Thursday, March 31, 2011

The High Stakes, High-Speed Rail Game in the Central Valley of California. Are you in or out?

High-speed rail. The Democrats want it; the Republicans don't. As decision time approaches, this difference between them will become even more pronounced.

The lobbying for the funding among the Democrats has approached high stakes bluffing. The Republicans have dug their heels in.  

It's quite unfortunate that our California Republican caucus on the one hand oppose HSR for many reasons, among them the wasteful spending, but at the same time seeks those same funds to build additional highway lanes.  This may not be the best time to be so ambiguous about deficit reduction.  

If severe budget cutting is called for, then let's at it.  That also goes for the other Refusenik Republican Governor states that first turned down the federal HSR funding, but are now coming back to get those refused dollars for other purposes.  If nothing else, it raises doubts and eyebrows about what at first appeared to be a principled position. 

One more example of it not being about the train, but about the money.  In the Central Valley, the Republicans have a larger foothold than elsewhere in the state, but not enough.  California is very blue and the Republicans are a small minority. However, in Washington, the Republicans gained the House and increased their Senate membership. That gives them a seat at the table.

Washington is where the action will be.  Apparently, the California Republicans and Democrats from the Central Valley have taken their fight to the floor of the House of Representatives.

You can be sure that the decision over the $2.43 billion that Florida rejected will be made totally on political grounds and all that "merit" and which rail project deserves what is mere charade.  Although the rail authority, playing the Washington poker game, bid for the entire amount, they know that they won't get it.  They are hopeful for a piece of the action. But, there are other players in this game now; the entire northeast corridor Democratic Senate delegation. That's around a dozen Senators.

Put on your green eyeshade and sleeve garters and watch closely as the cards are shuffled.

Valley Republicans spurn effort to obtain high-speed rail funds

Posted at 04:28 PM on Thursday, Mar. 31, 2011
By Michael Doyle / Bee Washington Bureau
WASHINGTON -- San Joaquin Valley lawmakers are more split than ever over a proposed high-speed rail line whose initial route is now envisioned connecting Bakersfield to Merced.

This week, the Valley's Democrats formally urged the Transportation Department to provide California more money for the expanded high-speed rail project. Valley Republicans, though, did not join the effort.

The partisan divide reopened when Rep. Dennis Cardoza, D-Merced, approached Reps. Devin Nunes, R-Visalia, Jeff Denham, R-Atwater, and Kevin McCarthy, R-Bakersfield, on the House floor Tuesday. He wanted to know whether they would join in a letter asking for an additional share of the federal high-speed rail money.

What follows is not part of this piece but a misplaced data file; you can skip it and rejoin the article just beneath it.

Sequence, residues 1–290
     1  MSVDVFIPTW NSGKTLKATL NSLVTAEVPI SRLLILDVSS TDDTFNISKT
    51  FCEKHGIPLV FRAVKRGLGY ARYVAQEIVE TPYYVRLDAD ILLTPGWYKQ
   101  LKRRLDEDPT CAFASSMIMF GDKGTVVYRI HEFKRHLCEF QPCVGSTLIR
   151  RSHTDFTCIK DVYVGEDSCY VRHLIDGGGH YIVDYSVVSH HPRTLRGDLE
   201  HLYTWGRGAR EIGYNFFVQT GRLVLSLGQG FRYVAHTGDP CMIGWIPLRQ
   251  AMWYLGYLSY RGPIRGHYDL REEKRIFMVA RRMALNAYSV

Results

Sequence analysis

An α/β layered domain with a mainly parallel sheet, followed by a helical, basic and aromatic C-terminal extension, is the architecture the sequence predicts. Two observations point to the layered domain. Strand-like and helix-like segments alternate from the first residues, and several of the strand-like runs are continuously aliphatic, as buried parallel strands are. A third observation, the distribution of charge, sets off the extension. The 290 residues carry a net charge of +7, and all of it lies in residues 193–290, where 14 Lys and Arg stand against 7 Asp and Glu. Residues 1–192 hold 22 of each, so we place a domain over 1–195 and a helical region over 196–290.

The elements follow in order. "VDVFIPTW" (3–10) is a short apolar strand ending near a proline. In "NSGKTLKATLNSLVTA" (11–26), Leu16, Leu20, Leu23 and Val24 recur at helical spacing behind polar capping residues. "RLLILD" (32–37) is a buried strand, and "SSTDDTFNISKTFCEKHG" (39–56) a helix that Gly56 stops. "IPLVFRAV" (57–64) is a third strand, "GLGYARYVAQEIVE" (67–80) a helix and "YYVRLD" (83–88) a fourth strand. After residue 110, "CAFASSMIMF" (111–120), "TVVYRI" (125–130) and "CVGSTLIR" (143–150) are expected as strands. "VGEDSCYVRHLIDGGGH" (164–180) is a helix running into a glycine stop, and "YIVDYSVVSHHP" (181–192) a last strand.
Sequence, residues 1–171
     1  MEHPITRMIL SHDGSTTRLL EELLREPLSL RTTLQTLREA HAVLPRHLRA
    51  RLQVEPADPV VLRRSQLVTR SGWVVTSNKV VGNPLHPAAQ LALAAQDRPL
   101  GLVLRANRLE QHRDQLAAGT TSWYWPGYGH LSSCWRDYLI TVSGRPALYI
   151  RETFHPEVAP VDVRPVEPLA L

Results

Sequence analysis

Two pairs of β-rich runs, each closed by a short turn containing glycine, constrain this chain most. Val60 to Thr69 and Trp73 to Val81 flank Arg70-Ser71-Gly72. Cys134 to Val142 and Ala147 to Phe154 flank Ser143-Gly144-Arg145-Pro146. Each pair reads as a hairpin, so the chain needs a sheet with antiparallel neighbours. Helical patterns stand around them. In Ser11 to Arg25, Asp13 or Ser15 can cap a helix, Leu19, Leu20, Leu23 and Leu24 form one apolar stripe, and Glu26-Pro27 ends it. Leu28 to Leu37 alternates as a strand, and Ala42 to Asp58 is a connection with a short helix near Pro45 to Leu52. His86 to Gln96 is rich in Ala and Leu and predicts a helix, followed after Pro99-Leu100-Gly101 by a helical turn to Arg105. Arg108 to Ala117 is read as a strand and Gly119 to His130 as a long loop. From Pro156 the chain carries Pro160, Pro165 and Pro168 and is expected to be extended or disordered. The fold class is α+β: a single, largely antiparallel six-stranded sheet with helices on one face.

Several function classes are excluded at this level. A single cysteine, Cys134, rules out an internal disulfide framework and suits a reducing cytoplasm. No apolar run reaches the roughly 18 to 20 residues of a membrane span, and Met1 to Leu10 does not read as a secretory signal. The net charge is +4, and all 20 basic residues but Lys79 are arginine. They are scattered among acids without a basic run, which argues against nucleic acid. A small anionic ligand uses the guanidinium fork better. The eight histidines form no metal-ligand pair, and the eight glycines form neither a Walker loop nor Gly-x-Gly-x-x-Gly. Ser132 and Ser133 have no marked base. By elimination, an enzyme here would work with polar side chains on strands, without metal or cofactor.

"I went to them all," Cardoza said Thursday. "They declined." The political disunity, Cardoza added, could undermine California's bid for more money.

"If you have a unified delegation, then you have a lobbying team ... and that encourages the president to invest in those communities," Cardoza said.

The refusal of Republicans to sign the letter was not a surprise. Although Nunes and McCarthy joined other House members in voicing support for California's high-speed rail program in 2007, more recently they have questioned the wisdom and cost-effectiveness of the state's high-speed rail plan.

On Thursday, Nunes called the state's high-speed rail program "a boondoggle. The more time we spend on this fairy tale, the longer people will be out of work." Nunes said that while high-speed rail makes sense "conceptually," he would rather see limited transportation dollars spent on upgrading Highway 99.

Denham considers it "irresponsible to continue to throw money at a project that does not have a concrete, disciplined plan that explains how the system will run and be paid for," Denham's spokeswoman Allie Brandenburger said in an e-mail.

California's plans call for an initial 123-mile route connecting Fresno to Bakersfield. With additional money, this initial route would extend to Merced, and perhaps beyond.

Six Democrats ended up signing this week's two-page letter to the heads of the Transportation Department and Federal Railroad Administration. It urges the Obama administration officials to "give full and fair consideration" to California's request for additional high-speed rail funding.

"We believe it is essential that the Merced-Fresno section be included in the initial construction phase of the system," the House Democrats wrote.

The disagreement over the letter is not the first time the Valley lawmakers have revealed their high-speed rail differences. It does, however, come at a politically sensitive time.

Last month, Florida's Republican governor rejected the Obama administration's offer of $2.43 billion in high-speed rail funds. The Transportation Department has now given other states and regions until April 4 to apply for the money Florida didn't want.

On Wednesday, the California High-Speed Rail Authority unanimously voted to apply for the entire $2.43 billion. Although it appears unlikely any one state will receive all of the money, California has received big shares in the past.